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Modica v. U.S. Bank, N.A.

United States District Court, D. Massachusetts

August 29, 2017




         Plaintiff Janice Modica, the mortgagor, brought this action in state court against U.S. Bank, N.A. (“U.S. Bank”), as Trustee for Citigroup Mortgage Loan Trust 2006-WFHE2 Asset-Backed Pass-Through Certificates, Series 2006 WFHE2 (the “Trust”) and Wells Fargo Bank, N.A (collectively “defendants”). On December 21, 2016, defendants removed the action to this court based on diversity jurisdiction. Docket # 1.

         Plaintiff seeks a declaratory judgment that U.S. Bank, as trustee, did not have the authority to exercise the statutory power of sale under Massachusetts General Law chapter 244, section 14 to foreclose on plaintiff's property (Count I). She also asserts that Wells Fargo violated Massachusetts regulations, 209 C.M.R. 18.21A(2) and 209 C.M.R. 18.22 (Count II), and that U.S. Bank, as trustee, slandered the title of her property (Count III). Docket # 1-1. Defendants have moved to dismiss the verified complaint asserting that plaintiff lacks standing to challenge the validity of the mortgage assignment and that the verified complaint fails to state a claim upon which relief can be granted. Docket # 8.

         I. Factual Background

         The following facts come directly from plaintiff's verified complaint as well as documents, including official public records, referenced in, attached to, and central to the complaint, which were provided by both parties. See Watterson v. Page, 987 F.2d 1, 4 (1st Cir. 1993).

         1. Mortgage, Note, and Assignments

         On May 24, 2006, plaintiff executed an adjustable rate promissory note and mortgage in favor of Wells Fargo in the amount of $360, 000 for a property located at 98-100 Lancaster Avenue, Revere, MA 02151 (the “Property”). On April 19, 2010, Wells Fargo assigned the mortgage and note to U.S. Bank, as Trustee for Citigroup Mortgage Loan Trust 2006-WFHE2, and on April 20, 2010, the assignment was recorded in Suffolk County Registry of Deeds. Docket # 1-4, at 50. Wells Fargo filed a corrective assignment on July 27, 2012, “to fix the scriveners error in the previously recorded Assignment of Mortgage . . . as it relates to the assignee.” Docket # 1-4, at 44. The corrective assignment identified the assignee as U.S. Bank, N.A., as Trustee for Citigroup Mortgage Loan Trust 2006-WFHE2, Asset-Backed Pass-Through Certificates, Series 2006-WFHE2. Id. (emphasis added).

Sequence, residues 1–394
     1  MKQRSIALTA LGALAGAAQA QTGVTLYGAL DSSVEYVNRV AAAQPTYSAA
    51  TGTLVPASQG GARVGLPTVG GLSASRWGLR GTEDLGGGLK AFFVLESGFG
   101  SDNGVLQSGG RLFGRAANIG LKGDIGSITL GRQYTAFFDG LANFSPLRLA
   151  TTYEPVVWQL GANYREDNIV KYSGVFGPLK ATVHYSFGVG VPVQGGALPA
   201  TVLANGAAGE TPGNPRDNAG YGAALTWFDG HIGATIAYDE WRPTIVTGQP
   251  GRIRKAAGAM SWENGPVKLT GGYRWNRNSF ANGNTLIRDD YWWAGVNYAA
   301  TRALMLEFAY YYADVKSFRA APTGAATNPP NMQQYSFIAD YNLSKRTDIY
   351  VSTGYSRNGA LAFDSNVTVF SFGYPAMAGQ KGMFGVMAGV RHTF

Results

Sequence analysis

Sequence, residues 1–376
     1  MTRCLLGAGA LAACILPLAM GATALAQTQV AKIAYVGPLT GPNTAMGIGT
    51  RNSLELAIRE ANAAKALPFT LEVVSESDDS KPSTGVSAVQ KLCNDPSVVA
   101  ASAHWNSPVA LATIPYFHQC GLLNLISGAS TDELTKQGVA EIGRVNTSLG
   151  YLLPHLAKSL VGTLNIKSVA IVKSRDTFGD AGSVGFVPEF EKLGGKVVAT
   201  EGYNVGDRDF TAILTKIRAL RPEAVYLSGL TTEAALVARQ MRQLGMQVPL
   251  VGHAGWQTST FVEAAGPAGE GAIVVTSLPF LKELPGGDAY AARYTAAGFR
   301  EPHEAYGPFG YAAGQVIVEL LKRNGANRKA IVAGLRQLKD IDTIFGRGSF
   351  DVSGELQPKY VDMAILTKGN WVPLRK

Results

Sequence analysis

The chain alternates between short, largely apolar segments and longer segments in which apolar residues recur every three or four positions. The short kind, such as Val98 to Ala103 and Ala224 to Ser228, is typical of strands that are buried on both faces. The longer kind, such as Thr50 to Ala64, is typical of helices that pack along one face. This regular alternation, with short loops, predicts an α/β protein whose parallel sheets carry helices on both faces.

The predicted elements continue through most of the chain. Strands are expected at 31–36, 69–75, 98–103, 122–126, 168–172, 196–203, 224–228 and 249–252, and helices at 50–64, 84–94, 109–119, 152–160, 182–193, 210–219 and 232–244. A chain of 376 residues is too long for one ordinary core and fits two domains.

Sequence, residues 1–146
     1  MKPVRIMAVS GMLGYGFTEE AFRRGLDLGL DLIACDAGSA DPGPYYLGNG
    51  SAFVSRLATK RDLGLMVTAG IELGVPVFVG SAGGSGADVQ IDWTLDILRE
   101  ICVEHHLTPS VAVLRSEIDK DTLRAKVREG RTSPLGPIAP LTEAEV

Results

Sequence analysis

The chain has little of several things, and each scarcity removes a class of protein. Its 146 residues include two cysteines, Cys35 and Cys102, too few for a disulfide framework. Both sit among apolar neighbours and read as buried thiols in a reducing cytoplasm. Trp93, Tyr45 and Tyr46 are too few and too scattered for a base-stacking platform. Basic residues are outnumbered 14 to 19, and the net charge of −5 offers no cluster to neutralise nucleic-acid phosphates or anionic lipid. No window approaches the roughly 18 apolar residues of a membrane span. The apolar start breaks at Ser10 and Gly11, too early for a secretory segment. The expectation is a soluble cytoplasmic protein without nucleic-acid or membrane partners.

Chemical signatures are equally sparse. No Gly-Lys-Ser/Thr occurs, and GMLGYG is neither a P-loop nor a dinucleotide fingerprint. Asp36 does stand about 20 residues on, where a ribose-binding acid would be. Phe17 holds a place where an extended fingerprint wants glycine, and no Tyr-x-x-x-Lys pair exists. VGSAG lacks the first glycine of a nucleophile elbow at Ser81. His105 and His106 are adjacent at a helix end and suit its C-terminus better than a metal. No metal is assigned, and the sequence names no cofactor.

2. Pooling Service Agreement

         The Trust is governed by its Pooling and Servicing Agreement (“PSA”), dated August 1, 2006, executed among the depositor (Citigroup Mortgage Loan Trust Inc), the servicer (Wells Fargo), the trust administrator (CitiBank, N.A.), and the trustee (U.S. Bank). Docket # 1-3. The PSA authorizes the depositor (Citigroup Mortgage Loan Trust Inc.) to transfer its mortgage loans to the trustee (U.S. Bank), on or before the closing date of August 1, 2006, or within two years thereafter. Docket # 1-1, at ¶¶ 43-45.

         3. Foreclosure

         Plaintiff defaulted on her loan beginning in May 2007, but for reasons that were unexplained in the verified complaint, foreclosure proceedings did not begin until 2016. See Docket # 1-4, at 2-5 (loan information report stating that foreclosure was referred on May 17, 2007, and account had been past due for 3, 189 days). On November 9, 2016, Wells Fargo's counsel sent a notice letter to plaintiff, enclosing the Notice of Mortgagee's Sale of Real Estate and informing her that the Property was scheduled to be sold at a public auction on December 14, 2016. Docket # 1-2, at 2-3. The letter also included a “Certification Pursuant to Massachusetts 209 C.M.R. 18.21A(2)(c), ” which recited that the loan on the Property was in default. Id. at 4. The Certification further identified the chain of title of the mortgage, reflecting the two mortgage assignments, and identified U.S. Bank, as trustee for the Trust, as the current owner of the note and assignee of the mortgage. Id. at 4-5.

         About one month later, in December 2016, plaintiff filed a verified complaint in the superior court against defendants asserting three counts related to U.S. Bank's foreclosure on the Property. Defendants removed the matter to federal court and now seek to dismiss the verified complaint.

         II. Standard of review

         “To survive a motion to dismiss, a complaint must contain sufficient factual matter, accepted as true, to ‘state a claim to relief that is plausible on its face.'” Ashcroft v. Iqbal, 556 U.S. 662, 678 (2009) (quoting Bell Atlantic Corp. v. Twombly, 550 U.S. 544, 570 (2007)). “A claim has facial plausibility when the plaintiff pleads factual content that allows the court to draw the reasonable inference that the defendant is liable for the misconduct alleged.” Iqbal, 556 U.S. at 678. For purposes of a motion to dismiss, the court accepts all well-pleaded factual ...

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